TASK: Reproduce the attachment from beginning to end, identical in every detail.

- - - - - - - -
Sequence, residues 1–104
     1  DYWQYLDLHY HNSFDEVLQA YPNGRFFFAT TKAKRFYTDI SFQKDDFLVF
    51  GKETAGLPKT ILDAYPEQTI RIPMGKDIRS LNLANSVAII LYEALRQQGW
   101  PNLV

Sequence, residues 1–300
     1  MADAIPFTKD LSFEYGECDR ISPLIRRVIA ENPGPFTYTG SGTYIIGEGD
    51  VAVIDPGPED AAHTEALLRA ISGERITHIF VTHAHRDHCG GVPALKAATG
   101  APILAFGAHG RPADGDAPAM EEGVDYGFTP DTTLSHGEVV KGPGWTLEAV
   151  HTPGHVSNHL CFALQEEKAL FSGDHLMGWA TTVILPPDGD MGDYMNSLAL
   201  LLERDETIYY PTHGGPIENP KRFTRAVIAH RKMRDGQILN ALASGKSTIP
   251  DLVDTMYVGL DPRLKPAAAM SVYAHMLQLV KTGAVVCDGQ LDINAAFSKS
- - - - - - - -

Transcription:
Sequence, residues 1–104
     1  DYWQYLDLHY HNSFDEVLQA YPNGRFFFAT TKAKRFYTDI SFQKDDFLVF
    51  GKETAGLPKT ILDAYPEQTI RIPMGKDIRS LNLANSVAII LYEALRQQGW
   101  PNLV

Sequence, residues 1–300
     1  MADAIPFTKD LSFEYGECDR ISPLIRRVIA ENPGPFTYTG SGTYIIGEGD
    51  VAVIDPGPED AAHTEALLRA ISGERITHIF VTHAHRDHCG GVPALKAATG
   101  APILAFGAHG RPADGDAPAM EEGVDYGFTP DTTLSHGEVV KGPGWTLEAV
   151  HTPGHVSNHL CFALQEEKAL FSGDHLMGWA TTVILPPDGD MGDYMNSLAL
   201  LLERDETIYY PTHGGPIENP KRFTRAVIAH RKMRDGQILN ALASGKSTIP
   251  DLVDTMYVGL DPRLKPAAAM SVYAHMLQLV KTGAVVCDGQ LDINAAFSKS